Al Batt: Why birds face the same direction on utility wires and other answers

Published 9:00 am Saturday, October 14, 2017

Al Batt of Hartland is a member of the Albert Lea Audubon Society. Email him at

My neighbor Crandall stops by.

“How are you doing?” I ask.

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“Everything is nearly copacetic. I have a flip phone. It works finer than frog’s hair, but everyone picks on it. My son said that my phone is a way for the clueless to go wireless. My neighbor Weasel guffaws whenever he sees it. Weasel borrowed my chipper-shredder. He’s renting it out. He said he’d make it up to me by selling me a smartphone he borrowed from someone else. He said, ’I have one. I know what works. I’m a genius.’ It was all about him. I, I, I! I don’t trust a guy whose I’s are so close together. I didn’t buy the smartphone, but I bought a full-length mirror from him. Weasel said that JFK once saw himself in that mirror. I took it home and attached it to a door as far away from my shower as possible. I don’t need to see that every day. I did get spiffed up and take a good long look at myself in that mirror. I looked like I was 19 years old. I was chuckled until I remembered that everything in a mirror is reversed.”


I watched our cat, Purl, perform her daily ablutions.

The old saying is, “If a cat washes her face over her ear, it’s a sign the weather will be fine and clear.”

With that as a guide, I headed outside.

A flock of pelicans passed between the sun and me. About 50 pounds of pelican shadows went by just out of my reach.

My yard showed me its first dark-eyed junco and white-throated sparrow Oct. 2. There were still many butterbutts — yellow-rumped warblers — about. Raucous blue jays, noisy robins and flickers — our only brown-backed woodpecker — filled the rest of the yard. The robins were busy eating the fruits of the hawthorn and mountain ash trees.

Purl was right.


“Why do birds face the same direction when sitting on utility wires?” Two reasons. When birds flock, they generally fly in the same direction. It would make sense that they would all face the same way before taking off. Birds are built to face into the wind.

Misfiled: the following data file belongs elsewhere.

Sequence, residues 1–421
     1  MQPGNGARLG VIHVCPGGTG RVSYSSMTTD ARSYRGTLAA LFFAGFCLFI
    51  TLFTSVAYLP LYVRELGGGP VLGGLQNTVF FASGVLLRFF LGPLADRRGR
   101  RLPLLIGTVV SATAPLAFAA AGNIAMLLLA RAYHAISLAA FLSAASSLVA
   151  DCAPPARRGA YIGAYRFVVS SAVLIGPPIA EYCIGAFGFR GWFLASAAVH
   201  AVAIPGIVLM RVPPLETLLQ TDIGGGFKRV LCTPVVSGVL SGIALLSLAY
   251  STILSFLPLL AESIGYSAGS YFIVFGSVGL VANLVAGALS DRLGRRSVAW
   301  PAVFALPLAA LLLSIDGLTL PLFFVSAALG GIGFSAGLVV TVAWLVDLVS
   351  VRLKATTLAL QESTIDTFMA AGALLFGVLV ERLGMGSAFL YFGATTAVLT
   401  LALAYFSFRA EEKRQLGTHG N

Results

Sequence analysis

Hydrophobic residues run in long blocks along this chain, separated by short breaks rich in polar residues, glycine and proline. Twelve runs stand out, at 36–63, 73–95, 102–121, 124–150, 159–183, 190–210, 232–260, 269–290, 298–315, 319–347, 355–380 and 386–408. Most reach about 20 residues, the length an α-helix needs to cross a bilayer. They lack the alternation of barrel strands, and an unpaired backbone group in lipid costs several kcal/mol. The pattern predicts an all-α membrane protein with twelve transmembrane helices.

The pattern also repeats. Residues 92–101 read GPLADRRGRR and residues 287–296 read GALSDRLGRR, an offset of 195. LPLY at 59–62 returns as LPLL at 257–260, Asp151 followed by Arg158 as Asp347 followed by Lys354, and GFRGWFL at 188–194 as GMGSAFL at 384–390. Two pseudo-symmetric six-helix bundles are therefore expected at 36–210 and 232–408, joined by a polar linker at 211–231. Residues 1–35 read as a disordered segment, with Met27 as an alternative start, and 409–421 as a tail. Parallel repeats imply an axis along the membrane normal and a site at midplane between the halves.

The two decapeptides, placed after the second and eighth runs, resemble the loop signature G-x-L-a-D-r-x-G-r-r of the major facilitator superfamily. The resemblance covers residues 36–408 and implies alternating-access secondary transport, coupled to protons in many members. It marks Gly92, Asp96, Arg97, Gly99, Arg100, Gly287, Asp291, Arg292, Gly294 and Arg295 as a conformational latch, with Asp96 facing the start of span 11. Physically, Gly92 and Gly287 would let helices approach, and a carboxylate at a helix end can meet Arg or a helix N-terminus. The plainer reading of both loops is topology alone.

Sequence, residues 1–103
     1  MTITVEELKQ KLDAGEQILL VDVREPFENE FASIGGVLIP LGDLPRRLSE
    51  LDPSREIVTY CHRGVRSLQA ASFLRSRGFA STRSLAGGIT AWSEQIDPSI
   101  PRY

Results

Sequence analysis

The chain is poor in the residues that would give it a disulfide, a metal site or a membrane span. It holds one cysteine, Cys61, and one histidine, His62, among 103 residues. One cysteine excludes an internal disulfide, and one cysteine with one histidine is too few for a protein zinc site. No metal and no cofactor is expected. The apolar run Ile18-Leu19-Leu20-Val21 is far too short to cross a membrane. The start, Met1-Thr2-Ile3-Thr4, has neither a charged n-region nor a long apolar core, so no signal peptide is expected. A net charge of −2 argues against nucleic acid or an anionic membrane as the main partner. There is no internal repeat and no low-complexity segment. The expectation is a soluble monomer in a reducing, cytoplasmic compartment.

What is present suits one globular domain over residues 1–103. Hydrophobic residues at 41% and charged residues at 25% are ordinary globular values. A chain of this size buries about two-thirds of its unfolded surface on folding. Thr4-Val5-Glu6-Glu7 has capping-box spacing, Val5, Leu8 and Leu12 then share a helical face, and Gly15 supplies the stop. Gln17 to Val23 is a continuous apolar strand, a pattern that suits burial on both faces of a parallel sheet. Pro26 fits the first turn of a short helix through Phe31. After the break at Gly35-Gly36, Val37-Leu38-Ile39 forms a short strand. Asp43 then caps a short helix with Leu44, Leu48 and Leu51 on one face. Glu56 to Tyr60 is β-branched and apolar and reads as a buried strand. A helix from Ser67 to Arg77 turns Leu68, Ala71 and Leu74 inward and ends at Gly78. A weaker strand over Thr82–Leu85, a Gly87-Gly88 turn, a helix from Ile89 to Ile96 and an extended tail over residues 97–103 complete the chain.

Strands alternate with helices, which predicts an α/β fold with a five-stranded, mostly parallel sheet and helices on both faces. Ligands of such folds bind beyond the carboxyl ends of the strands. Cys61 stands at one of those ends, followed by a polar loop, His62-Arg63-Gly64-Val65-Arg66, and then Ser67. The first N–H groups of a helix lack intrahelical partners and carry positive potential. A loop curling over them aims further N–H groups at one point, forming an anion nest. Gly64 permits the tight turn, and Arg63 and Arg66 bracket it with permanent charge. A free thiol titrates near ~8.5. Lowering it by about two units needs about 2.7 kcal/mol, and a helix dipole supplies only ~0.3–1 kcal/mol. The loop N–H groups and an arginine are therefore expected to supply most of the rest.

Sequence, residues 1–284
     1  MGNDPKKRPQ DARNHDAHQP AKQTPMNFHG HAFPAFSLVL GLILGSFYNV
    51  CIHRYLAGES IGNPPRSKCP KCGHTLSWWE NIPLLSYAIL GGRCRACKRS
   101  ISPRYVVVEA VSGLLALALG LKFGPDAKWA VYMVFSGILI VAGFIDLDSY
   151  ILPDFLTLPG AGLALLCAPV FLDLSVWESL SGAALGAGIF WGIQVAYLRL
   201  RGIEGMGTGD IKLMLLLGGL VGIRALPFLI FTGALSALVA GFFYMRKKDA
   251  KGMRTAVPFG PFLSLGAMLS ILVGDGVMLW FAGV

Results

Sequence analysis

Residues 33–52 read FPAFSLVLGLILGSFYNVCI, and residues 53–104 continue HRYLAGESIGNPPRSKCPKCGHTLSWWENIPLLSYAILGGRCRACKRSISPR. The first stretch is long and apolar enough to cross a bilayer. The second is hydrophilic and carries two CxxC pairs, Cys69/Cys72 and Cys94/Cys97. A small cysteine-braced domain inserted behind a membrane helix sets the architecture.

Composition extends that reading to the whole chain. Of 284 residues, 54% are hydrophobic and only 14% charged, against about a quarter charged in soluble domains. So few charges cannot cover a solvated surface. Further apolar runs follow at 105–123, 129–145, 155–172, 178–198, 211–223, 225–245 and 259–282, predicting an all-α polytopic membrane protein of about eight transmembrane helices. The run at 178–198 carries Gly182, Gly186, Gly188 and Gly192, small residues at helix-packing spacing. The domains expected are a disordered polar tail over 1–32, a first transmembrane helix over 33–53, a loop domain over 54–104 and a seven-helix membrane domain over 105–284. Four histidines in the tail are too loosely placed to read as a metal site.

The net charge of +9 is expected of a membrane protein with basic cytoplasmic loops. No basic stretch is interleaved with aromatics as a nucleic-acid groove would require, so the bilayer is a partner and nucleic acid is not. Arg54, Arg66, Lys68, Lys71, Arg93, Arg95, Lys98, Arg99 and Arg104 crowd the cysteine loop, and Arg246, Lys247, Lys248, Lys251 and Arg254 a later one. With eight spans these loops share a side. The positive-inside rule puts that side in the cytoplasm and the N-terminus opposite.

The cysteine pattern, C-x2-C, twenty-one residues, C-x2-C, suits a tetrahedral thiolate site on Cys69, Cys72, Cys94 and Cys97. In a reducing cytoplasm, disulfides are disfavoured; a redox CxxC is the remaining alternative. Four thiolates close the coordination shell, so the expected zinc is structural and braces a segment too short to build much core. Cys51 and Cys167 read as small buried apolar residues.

“Do eagles use the same nest every year?“ Eagles have strong nest site fidelity, meaning they return to the same nest and territory each year. If they successfully produce young, they are likely to return to that nest year after year. A pair might choose to build a new nest in a different area if their previous nest failed to fledge eaglets or otherwise proved unsuitable.

“What are the little spots on apples?” They are lenticels. Each little spot is a pore in an apple’s skin through which it breathes.

“Did Ben Franklin really want the wild turkey to be our national bird?” Benjamin Franklin didn’t advocate for the turkey as the national bird. According to The Franklin Institute, he was against the bald eagle becoming the national bird, stating in a letter to his daughter that it was a “bird of bad moral character” whereas the turkey was a “much more respectable bird … a bird of courage.”

“Are earwigs destructive when indoors?” An earwig has a flat, reddish-brown body and short wings. The features that make them easy to identify are the conspicuous pinchers (cerci) on the tips of their abdomens. Earwigs can enter buildings in large numbers. They don’t cause any damage, but they are annoying. Think of an earwig as a brother-in-law and force a smile when you see one.

“Do woolly bear caterpillars forecast winter weather?” According to folklore, the wider the middle brown section is, the milder the coming winter will be. The number of brown hairs has to do with the age of the caterpillar. It’s evidence of either a previous late winter or early spring.

“Why do chipmunks make that ‘chuck’ sound?” Chipmunks respond to hawks flying over with an aerial predator alarm call, which is a hollow, resonant cluck that is repeated frequently. One chipmunk’s vocalization can cause a number of other chipmunks to produce the call as a warning to others.

Pheasant stamp

Rushford artist Michael Sieve won the Minnesota Pheasant Habitat Stamp contest. His painting was selected by judges in the annual contest sponsored by the Minnesota Department of Natural Resources. Sieve is a first-time winner of the pheasant stamp contest and his painting will be featured on the 2018 pheasant habitat stamp. The pheasant stamp for hunting is $7.50 and is required for pheasant hunters ages 18 to 64. For an extra 75 cents, purchasers can receive the pictorial stamp in the mail. It’s also sold as a collectible. The revenue from stamp sales is dedicated to pheasant habitat management and protection.

Thanks for stopping by

“When you have to go to the bathroom, it’s too late to build a latrine.”— Chagdud Rinpoche

“Life is always either a tightrope or a feather bed. Give me the tightrope.” — Edith Wharton

Do good.

Al Batt of Hartland is a member of the Albert Lea Audubon Society. Email him at